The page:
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How To Use Voice Dictation In Google Docs

Since the late 90s, it has been possible to type text documents on your computer using nothing but your voice. Who can forget the fanfare of Dragon Naturally Speaking’s release in 1997? With just a microphone, you could talk at your PC and it would do its best to recognize and write down what you said.

It sounded great on paper, but this early voice recognition technology was more frustrating than useful. You had to speak at a snail’s pace, with the intonation of a robot. Even then, you’d be lucky to achieve even 70% accuracy.

While there was plenty of optimism that voice recognition would be the main way we used our computers in the future, things haven’t really turned out that way. At least not yet.

While voice assistants like Siri and Google Assistant get daily use for quick searches, questions, or common device functions, physical interfaces are still where it’s at. When it comes to typing up documents, it’s almost unheard of that anyone prefers voice dictation.

It is a pity, because without spending a cent, you have access to a voice dictation solution far superior to what everyone was so excited about two decades ago. The freely-available Google Docs cloud application has a robust and almost 100% accurate voice dictation solution.

Typing With Your
Voice in Google Docs

The
first thing you should know is that proper voice dictation is only
available through the Chrome Browser. If you’re using the Google
Docs app on a mobile device, then you can still use the Google
keyboard microphone to dictate text, but it doesn’t have the same
feature set as the proper solution we’re discussing here.

Before heading over to Google Docs and jabbering away, we need to make sure that your microphone is working properly. In Windows 10 you can do this by right-clicking on the speaker icon in the notification area. Then click on Open Sound Settings.

On this screen, under Input you should see the microphone level jump around as you speak into the mic.

If you are using a laptop with a built-in mic or a desktop webcam with the same, then you may not always get the results that you want. While these mics are pretty good these days, a good condenser desktop mic or good quality headset mic can make a dramatic difference in how well you’re understood.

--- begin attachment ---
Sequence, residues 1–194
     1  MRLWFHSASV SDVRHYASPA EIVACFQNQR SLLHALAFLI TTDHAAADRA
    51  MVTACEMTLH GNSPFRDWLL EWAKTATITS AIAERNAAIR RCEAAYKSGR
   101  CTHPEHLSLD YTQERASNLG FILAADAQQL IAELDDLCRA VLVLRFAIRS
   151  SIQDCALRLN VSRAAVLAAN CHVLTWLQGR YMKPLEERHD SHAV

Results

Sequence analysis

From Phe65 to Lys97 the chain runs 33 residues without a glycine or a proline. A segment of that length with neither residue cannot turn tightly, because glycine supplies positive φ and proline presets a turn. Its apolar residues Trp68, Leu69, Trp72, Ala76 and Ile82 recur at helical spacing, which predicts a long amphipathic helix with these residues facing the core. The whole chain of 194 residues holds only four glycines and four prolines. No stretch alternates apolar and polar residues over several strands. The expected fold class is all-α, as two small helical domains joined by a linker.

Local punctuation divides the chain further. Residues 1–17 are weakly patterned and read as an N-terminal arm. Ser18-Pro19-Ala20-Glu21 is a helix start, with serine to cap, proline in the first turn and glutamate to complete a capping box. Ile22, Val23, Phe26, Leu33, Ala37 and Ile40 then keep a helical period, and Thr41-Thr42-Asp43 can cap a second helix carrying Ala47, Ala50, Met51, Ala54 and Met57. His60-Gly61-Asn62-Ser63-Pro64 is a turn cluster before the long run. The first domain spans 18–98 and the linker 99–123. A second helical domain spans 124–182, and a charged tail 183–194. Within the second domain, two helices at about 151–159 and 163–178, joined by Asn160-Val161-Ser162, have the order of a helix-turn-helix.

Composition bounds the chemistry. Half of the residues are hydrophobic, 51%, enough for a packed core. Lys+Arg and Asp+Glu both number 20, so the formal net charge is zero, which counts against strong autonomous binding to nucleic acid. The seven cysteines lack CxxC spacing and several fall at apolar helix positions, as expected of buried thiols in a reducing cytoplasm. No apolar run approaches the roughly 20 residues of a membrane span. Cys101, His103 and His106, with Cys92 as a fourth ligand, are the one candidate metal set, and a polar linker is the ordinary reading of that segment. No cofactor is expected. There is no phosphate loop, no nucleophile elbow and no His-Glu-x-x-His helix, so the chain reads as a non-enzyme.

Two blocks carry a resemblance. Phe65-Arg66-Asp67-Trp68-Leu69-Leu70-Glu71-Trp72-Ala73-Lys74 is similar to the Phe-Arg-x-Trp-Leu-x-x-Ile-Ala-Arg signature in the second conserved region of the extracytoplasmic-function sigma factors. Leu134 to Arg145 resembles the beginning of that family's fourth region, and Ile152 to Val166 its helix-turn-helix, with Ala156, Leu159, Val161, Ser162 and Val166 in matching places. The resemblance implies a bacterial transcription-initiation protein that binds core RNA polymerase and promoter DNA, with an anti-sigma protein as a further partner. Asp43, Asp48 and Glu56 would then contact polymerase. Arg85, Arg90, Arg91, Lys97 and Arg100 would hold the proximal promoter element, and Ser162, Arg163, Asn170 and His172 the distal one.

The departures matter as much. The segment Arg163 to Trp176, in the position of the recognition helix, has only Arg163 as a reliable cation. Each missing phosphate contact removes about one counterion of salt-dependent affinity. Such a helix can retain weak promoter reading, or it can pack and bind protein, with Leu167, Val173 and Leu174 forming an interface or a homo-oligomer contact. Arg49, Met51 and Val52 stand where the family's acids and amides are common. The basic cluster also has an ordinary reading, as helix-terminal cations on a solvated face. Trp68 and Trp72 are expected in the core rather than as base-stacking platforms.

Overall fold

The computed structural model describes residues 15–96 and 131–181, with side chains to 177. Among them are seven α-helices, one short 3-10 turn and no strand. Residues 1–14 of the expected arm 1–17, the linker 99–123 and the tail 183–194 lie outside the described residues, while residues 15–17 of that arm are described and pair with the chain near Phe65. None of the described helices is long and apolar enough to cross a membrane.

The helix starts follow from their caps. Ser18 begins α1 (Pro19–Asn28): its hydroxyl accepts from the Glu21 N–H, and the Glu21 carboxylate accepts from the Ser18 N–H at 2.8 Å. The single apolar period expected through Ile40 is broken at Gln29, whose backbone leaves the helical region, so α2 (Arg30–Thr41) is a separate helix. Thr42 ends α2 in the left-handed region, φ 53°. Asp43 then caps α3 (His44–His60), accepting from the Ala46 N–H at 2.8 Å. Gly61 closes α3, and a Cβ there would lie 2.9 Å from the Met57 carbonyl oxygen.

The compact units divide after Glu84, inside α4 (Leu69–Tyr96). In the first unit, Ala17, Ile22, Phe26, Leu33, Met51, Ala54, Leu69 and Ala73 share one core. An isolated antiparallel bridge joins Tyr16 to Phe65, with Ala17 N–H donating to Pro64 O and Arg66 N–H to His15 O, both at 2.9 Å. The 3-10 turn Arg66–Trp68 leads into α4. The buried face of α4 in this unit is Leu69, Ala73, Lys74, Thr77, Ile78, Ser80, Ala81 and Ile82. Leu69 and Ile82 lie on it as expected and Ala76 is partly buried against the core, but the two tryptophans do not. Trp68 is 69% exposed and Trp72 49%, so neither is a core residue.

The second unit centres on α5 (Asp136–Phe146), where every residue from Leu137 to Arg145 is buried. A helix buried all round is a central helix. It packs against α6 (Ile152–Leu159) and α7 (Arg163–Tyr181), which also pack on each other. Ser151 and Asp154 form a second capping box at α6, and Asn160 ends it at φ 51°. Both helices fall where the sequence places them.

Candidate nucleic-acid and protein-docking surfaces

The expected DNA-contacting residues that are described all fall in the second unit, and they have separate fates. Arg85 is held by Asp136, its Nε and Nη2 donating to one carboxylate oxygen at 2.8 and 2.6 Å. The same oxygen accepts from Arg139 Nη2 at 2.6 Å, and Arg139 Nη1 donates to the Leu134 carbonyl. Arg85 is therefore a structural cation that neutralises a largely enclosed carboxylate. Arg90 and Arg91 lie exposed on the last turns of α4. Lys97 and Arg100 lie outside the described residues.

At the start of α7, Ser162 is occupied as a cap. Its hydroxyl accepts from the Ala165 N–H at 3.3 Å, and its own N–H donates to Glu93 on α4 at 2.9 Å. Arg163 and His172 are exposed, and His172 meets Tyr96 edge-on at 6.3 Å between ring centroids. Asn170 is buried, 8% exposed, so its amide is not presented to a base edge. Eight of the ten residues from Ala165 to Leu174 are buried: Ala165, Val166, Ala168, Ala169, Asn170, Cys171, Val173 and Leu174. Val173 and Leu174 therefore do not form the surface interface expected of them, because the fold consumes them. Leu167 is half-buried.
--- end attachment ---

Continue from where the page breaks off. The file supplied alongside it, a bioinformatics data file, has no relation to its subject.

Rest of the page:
Now, having checked that the mic does work, we can head over to any Google Docs document. Place the cursor where you want to insert the dictated text.

Now, click on Tools and then Voice Typing. You can also use the keyboard shortcut CTRL+SHIFT+S.

You’ll see a small popup with a picture of a microphone. Click on the mic icon to start dictation. Everything you say will be written down in real-time.

Voice recognition happens on powerful cloud systems, so you’ll need a working Internet connection for this to work.

Fixing Mistakes

Occasionally
Google will get words wrong. You don’t have to switch off voice
dictation to fix this. Just move the cursor with your mouse and fix
the incorrect word as usual. Google will learn from your corrections.

Editing With Your
Voice

In addition to typing out sentences, you can also do some formatting and editing with voice controls as well. There’s an extensive list of commands that let you (among others things) select text, apply formatting, cut, copy, paste and so on.

You can even navigate around the page, moving the cursor or scrolling the entire document. If you learn enough commands, you may never have to touch your computer to write at all.